The Organization for Economic Cooperation and Development (OECD) is a forum composed of 37 countries dedicated to the promotion of converging standards on various topics, such as economic, financial, commercial, social and environmental issues. Its meetings and debates allow for the exchange of experiences and policy coordination in different areas of government action.
Among the various organizations that act on and influence the reality of States, companies and international organizations, the OECD is one of the largest. Some 200 committees, working groups and task forces receive more than 40,000 government officials, members of civil society, research institutions and representatives of the private sector at more than 2,000 annual meetings. Its Secretariat comprises 2,500 employees, publishes approximately 250 documents per year and manages a budget of more than 342 million euros.
The OECD seeks to coordinate definitions, measures and concepts, enabling comparison between countries facing similar problems. In addition to promoting common approaches to public policies, these characteristics allow the OECD to deal with controversial issues, which are difficult to define in organizations with a universal vocation, such as the United Nations and the WTO.
Several developing countries seek to join the OECD. For these countries, joining the organization would be equivalent to obtaining a "seal of approval", which could foster investments and consolidate economic reforms.
Brazil's cooperation with the OECD began in the 1990s. In recent years, the bilateral relationship has benefited from the Organization's decision to strengthen contacts with five selected emerging countries (Brazil, China, India, Indonesia and South Africa), the so-called "Key Partners". Today, practically all Ministries and many bodies of the federal and state public administration in Brazil are, in some way, involved in cooperation with the Organization. The Brazilian Government has participated in around 36 instances of the organization, with the status of "associate", "participant" or "guest", and has already adhered to 26 Recommendations and other instruments of the Organization.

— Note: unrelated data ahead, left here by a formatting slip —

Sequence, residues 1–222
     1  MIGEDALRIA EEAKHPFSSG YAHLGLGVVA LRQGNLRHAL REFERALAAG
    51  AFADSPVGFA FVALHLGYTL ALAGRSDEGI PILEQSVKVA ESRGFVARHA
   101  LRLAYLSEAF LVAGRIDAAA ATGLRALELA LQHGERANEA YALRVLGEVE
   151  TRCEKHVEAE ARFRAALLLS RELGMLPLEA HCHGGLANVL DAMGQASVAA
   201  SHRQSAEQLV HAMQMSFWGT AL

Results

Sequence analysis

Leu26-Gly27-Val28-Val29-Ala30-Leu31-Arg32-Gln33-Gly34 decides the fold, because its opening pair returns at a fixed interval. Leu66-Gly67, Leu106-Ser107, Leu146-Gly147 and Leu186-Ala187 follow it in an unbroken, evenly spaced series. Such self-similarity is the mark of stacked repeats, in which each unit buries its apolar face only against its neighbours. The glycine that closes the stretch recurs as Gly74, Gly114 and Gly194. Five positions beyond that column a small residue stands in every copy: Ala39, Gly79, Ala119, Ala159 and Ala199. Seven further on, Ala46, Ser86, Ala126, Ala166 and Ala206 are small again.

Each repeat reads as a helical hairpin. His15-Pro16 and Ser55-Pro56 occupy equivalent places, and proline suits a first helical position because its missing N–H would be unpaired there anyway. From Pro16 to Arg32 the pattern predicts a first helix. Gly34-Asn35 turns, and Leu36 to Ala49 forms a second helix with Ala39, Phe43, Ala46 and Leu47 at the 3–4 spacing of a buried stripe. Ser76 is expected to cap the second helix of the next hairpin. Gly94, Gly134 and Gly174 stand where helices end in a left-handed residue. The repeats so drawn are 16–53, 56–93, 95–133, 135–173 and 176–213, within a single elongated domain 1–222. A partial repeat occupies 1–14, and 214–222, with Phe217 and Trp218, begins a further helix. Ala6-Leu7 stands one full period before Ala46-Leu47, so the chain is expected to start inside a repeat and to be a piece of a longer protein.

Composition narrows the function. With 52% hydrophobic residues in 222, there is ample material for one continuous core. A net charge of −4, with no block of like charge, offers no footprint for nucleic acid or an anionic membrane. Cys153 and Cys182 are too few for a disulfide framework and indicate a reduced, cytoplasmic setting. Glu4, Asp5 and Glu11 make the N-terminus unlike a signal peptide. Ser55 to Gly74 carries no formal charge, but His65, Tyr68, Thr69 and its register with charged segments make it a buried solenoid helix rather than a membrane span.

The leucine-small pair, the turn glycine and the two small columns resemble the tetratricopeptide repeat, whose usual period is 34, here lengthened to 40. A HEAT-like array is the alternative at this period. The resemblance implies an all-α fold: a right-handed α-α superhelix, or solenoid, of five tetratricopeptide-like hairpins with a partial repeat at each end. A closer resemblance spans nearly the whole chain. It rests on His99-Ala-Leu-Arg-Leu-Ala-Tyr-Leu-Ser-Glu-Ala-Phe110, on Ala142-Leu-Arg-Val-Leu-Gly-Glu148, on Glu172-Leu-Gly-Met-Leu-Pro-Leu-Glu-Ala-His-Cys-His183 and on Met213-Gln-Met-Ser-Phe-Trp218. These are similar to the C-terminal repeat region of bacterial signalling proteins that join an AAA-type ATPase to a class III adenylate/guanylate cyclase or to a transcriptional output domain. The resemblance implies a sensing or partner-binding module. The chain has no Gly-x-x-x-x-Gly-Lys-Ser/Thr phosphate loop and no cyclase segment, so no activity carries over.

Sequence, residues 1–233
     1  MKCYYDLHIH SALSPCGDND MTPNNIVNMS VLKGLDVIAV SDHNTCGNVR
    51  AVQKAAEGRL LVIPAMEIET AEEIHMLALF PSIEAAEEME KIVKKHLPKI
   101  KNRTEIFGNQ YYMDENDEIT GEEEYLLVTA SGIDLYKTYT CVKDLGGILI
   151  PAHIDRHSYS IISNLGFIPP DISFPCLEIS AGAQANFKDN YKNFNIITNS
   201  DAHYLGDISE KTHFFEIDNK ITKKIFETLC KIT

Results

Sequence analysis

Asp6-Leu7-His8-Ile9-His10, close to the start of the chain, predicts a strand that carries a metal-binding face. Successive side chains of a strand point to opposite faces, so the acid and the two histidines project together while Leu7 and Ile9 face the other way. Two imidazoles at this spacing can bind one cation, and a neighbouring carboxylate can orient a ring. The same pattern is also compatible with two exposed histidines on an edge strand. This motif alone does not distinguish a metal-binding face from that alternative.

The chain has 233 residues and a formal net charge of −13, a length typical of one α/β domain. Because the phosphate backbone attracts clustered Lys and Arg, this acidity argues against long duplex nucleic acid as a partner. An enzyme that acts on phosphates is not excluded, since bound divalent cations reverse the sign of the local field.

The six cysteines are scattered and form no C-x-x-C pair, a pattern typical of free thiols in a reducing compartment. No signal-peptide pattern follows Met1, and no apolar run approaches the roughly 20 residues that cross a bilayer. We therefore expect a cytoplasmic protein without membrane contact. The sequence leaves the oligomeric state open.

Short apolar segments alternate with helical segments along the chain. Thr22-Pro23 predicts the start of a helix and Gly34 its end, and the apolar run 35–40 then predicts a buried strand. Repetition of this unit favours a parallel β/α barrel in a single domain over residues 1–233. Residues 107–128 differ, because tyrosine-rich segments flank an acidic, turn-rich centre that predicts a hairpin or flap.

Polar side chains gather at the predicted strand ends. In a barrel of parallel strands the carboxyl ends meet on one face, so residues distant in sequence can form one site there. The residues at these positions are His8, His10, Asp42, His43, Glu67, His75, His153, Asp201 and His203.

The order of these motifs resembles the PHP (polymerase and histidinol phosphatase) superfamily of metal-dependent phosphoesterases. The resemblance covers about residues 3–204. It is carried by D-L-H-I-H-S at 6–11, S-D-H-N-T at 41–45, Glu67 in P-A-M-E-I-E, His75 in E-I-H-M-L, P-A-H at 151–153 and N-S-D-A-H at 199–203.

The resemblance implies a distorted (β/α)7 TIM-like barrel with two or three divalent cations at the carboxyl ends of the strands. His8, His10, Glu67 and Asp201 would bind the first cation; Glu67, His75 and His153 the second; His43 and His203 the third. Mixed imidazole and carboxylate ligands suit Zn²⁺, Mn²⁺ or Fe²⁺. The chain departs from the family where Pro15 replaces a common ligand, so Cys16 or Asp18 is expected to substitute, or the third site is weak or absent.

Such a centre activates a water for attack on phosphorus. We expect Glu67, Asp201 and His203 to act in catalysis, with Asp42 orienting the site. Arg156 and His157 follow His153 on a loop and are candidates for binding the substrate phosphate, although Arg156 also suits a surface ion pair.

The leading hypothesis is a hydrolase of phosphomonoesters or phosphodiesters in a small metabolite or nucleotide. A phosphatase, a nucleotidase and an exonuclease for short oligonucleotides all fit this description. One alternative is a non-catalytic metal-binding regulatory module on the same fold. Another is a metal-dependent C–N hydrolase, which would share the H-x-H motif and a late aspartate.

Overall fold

In June 2015, Brazil and the OECD signed a cooperation agreement, which will allow them to deepen and systematize the bilateral relationship. The agreement institutionalizes Brazilian participation in various OECD forums and establishes mechanisms for defining future developments.
In the context of the implementation of the 2015 OECD cooperation agreement, Brazil requested adherence to the “OECD Codes of Liberalisation of Capital Movements and of Current Invisible Operations” in 2017. The Codes of Liberalisation are one of the main documents in the OECD's normative framework. The admission of Brazil as a member of the Codes would mean international recognition of the Brazilian government's recent efforts to promote an open, stable and attractive environment for foreign investment.
Countries that adhere to the Codes assume the obligation to eliminate, progressively and unilaterally, restrictions established by domestic legislation or practices that discriminate between residents and non-residents in the areas covered by the Codes, namely, foreign direct investments, capital movement and services provision. As a measure of clarity and in acknowledgment of the peculiarities of each country with regard to their ability to promote liberalization processes, members of the Codes may lodge reservations, at the time of their adhesion, that reflect aspects of their legislation incompatible with the obligations under the Codes or justified by national security or public health issues.